C. There is evidence saying that ammonia concentration itself plays a part in nitrogen metabolism
1. Cultures differ in the external ammonia concentration and in the rate of ammonia assimilation
2. Because of the varying parameters it is possible that the flux, rather than the concentration is the governing parameter
III. Physiological parameters
A. S. cerevisae SU32 was grown in continuous cultures with feeds containing the following ammonia concentrations: 29, 44, 61, 66, 78, 90, 96, 114, and 118 mM
B. The glucose concentration was fixed at 100 mM
C. The dilution rate was held constant at 0.15 h-1
IV. Data
A. Increasing the ammonia concentration from 29 to 61 mM
1. Biomass increased from 4.9 to 8.2 g liter-1
2. The residual ammonia concentration in the culture medium was constant at about 0.022 mM
3. Ammonia was limiting
B. When the ammonia concentration was above 61 mM
1. Biomass remained at about 8.2 g
2. The residual ammonia concentration in the culture medium increased linearly up to 62 mM
3. Glucose became limiting
C. The ammonia flux was calculated by taking the difference between the input ammonia concentration and the residual ammonia concentration, dividing by the biomass, and then multiplying by the dilution rate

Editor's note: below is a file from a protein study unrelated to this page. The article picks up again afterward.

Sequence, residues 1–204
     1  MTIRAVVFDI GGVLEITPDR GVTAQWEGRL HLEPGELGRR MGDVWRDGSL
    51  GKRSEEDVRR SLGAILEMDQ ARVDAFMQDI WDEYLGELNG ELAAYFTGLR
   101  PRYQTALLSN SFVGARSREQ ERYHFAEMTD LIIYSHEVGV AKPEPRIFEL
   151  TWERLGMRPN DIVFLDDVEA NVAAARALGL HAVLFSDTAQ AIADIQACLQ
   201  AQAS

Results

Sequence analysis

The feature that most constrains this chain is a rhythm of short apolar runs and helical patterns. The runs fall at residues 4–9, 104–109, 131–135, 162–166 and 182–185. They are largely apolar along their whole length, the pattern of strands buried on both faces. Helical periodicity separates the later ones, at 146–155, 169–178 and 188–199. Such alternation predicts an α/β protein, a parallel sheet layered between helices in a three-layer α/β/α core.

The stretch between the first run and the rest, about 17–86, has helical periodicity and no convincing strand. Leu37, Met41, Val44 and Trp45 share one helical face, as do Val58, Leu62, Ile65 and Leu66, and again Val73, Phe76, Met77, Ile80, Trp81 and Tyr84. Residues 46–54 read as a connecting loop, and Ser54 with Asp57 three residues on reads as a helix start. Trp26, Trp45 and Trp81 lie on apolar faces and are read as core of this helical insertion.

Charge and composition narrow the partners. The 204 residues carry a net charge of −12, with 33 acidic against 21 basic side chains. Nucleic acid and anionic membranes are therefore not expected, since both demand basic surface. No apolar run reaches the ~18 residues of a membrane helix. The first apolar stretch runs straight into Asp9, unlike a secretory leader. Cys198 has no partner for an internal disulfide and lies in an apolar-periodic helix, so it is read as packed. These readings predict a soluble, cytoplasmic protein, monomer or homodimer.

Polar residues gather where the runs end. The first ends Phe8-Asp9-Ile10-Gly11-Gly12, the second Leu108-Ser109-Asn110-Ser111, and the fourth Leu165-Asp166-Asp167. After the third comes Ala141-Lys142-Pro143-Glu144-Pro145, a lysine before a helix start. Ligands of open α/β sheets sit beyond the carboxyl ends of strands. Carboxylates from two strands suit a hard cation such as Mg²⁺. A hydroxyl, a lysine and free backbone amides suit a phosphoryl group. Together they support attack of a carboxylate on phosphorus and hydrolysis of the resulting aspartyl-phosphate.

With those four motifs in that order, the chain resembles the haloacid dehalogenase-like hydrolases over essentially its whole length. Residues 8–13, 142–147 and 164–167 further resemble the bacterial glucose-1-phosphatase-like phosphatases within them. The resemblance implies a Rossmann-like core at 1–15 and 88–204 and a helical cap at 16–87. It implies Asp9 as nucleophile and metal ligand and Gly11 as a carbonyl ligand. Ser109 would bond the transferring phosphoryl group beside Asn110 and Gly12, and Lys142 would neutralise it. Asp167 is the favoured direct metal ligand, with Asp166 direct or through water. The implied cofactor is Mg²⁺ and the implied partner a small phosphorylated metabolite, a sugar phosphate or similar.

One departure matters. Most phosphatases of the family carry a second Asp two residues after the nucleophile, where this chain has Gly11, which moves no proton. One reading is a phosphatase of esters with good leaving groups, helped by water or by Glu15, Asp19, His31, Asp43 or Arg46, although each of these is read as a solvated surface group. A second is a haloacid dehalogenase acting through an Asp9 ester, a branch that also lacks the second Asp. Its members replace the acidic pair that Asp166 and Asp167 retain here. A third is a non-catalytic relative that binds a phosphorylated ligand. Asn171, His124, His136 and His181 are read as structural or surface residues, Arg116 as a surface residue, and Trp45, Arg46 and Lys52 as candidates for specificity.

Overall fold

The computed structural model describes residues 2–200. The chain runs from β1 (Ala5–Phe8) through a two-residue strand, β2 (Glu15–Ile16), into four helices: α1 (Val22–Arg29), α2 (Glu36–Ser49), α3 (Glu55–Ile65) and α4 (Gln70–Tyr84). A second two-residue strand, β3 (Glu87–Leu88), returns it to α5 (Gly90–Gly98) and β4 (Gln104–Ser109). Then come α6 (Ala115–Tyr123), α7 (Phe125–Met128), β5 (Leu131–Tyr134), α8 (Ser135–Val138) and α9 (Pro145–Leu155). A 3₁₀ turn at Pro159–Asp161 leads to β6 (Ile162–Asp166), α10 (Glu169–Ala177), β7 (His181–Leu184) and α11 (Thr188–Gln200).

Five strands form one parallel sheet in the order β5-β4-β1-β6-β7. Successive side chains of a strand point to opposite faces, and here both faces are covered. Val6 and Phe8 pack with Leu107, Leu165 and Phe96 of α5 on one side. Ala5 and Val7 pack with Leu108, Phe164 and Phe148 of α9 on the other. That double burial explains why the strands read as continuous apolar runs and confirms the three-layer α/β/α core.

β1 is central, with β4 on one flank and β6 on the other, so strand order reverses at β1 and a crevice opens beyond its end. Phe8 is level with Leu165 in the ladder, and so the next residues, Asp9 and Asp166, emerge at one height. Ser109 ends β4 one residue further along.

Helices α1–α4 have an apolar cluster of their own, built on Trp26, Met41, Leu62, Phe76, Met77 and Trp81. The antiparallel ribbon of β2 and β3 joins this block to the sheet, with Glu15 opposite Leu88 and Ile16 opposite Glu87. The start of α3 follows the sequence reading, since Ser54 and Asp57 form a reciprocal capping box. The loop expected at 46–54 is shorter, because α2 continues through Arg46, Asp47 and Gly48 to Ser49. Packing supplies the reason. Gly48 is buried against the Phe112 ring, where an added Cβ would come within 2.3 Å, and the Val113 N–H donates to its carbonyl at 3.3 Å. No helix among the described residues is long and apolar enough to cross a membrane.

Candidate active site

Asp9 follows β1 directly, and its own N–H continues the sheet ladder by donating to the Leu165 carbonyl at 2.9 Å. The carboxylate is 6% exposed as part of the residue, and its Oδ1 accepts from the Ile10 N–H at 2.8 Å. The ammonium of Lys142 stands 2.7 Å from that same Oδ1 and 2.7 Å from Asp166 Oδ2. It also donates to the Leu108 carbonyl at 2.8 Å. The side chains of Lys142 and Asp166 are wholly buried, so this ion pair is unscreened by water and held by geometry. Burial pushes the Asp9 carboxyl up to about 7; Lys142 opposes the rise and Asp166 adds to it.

1. Over the entire range of ammonia concentrations, the ammonia flux into biomass was about 1.1. mmol g-1 h-1
D. At an input ammonia concentration above 44 mM, the CO2 production and O2 consumption, thus the respiratory quotient (CO2 produced divided by O2 consumed), remained relatively constant
1. Less than or equal 44 mM the values for CO2 production and O2 consumption differed, but no no changes in the residual glucose concentration were observed
E. Data showed that except at 29 mM ammonia in the feed, no significant changes in the carbon metabolism occurred when the ammonia concentration in the feed was increased and the culture was switched from ammonia limitation to ammonia excess
V. Chemical Process
A. Intracellular ammonia reacts with α-ketoglutarate to produce glutamate
B. Glutamate is converted into glutamine by incorporation of another ammonium ion
VI. Effect of increasing ammonia concentrations on the intracellular α-ketoglutarate, glutamate, and glutamine concentrations
A. α-ketoglutarate concentration decreased from 10 to about 5 mmol g-1 when the culture conditions changed from ammonia limitation to ammonia excess
B. Intracellular glutamate concentration increased from ~75 to 220 mmol g-1
C. Intracellular glutamine concentration increased linearly from about 4 mmol g-1 at 29 mM ammonia to about 27 mmol g-1 at 118 mM ammonia
D. With constant ammonia flux but increasing ammonia concentrations, the intracellular concentrations of glutamate and glutamine increase
VII. Northern (RNA) analyses